Maryann Corbett on Alan Sullivan

It was jarring to realize it, but there it was: I nearly wished evil on someone. Alan Sullivan’s cancer was starting to close in on him, and I should have been sobered. But what I felt was startlingly close to Schadenfreude. Admittedly, I was lurking on the outskirts of...

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How will it be with those dreams which take such dear reality upon themselves?

Bust of James Clarence Mangan by Oliver Sheppard in St. Stephen’s Green, Dublin by James Joyce ‘Memorial I would have… a constant presence with those that love me.’ It is many a day since the dispute of the classical and romantic schools began in the quiet city of the...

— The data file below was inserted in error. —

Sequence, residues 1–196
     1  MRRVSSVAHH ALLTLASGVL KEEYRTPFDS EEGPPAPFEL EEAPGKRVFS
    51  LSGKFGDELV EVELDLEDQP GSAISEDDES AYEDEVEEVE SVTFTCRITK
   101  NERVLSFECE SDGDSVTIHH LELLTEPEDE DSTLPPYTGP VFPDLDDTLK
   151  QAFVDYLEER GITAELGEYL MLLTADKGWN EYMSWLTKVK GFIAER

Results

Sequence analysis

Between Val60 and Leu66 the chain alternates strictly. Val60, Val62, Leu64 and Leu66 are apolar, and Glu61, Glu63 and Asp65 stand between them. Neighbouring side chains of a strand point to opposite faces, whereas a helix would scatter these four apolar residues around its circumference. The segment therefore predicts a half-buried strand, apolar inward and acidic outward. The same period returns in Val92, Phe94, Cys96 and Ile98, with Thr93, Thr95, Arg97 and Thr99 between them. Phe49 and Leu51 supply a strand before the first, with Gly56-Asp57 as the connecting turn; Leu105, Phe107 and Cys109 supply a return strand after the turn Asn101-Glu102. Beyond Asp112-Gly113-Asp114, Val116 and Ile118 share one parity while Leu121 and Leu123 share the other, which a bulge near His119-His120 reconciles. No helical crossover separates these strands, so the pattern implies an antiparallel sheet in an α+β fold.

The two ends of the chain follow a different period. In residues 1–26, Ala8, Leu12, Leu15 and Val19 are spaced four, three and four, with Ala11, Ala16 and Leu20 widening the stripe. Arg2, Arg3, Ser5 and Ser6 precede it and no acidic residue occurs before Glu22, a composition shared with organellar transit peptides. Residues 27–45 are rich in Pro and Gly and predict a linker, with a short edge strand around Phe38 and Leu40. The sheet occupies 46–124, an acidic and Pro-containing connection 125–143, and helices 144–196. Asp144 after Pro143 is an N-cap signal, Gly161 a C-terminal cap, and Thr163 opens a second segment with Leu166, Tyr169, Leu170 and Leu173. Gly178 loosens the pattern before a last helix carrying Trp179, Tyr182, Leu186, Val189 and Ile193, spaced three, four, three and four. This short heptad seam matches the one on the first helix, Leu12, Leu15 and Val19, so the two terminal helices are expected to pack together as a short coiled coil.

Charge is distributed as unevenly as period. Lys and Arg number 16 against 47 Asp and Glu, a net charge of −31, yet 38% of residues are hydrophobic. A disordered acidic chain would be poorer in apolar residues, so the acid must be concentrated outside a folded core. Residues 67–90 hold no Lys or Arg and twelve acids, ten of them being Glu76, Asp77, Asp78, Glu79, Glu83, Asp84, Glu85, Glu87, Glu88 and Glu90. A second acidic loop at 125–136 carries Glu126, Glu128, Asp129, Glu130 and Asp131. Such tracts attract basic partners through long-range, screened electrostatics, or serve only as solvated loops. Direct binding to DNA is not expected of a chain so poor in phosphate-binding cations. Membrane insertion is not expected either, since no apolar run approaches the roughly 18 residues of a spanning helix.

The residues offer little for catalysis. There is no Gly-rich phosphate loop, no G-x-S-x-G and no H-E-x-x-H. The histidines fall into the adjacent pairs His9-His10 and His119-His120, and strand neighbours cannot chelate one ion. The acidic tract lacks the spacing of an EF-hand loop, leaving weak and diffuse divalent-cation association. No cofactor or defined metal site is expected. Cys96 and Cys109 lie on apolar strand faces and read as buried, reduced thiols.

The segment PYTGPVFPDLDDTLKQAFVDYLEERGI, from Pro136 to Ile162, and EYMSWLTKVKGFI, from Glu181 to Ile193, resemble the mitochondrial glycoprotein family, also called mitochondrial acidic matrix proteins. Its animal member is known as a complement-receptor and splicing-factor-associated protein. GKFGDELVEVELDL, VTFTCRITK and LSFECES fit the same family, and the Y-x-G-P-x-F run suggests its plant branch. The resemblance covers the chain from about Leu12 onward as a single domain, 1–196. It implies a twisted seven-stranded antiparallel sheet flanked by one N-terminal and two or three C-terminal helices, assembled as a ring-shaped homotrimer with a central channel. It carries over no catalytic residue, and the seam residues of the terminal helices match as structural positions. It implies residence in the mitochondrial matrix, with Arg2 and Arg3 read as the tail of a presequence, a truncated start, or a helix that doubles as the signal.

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One Sun

In Gawker's, wry estimation, most of the U.S. simply didn't "get" Richard Blanco's inaugural poem "One Today." In the Washington Post's absurd trollgazing account, Blanco's poem merely signals the "death of poetry." Perhaps this is because the Post imagines the polity as something more like a giant Nielsen Family...

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Daniel Bosch on Frederick Seidel

I mean that the poem, and it’s like a lot of Seidel’s work, dresses his poetry in all the accoutrements of deliberate engagement with issues of class and color and need and responsibility, of inequity and iniquity, and all that equipment ought to be used. The speaker shows no...

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Where Most of the Beats Had Stayed

Allen Ginsberg outside Shakespeare and Company, Paris by Jenny Diski A great sadness in my young life was to have missed Paris in the Fifties: those existentialists sitting morosely in the Deux Magots (did Beckett really pour a glass of beer over his head without showing any sign of...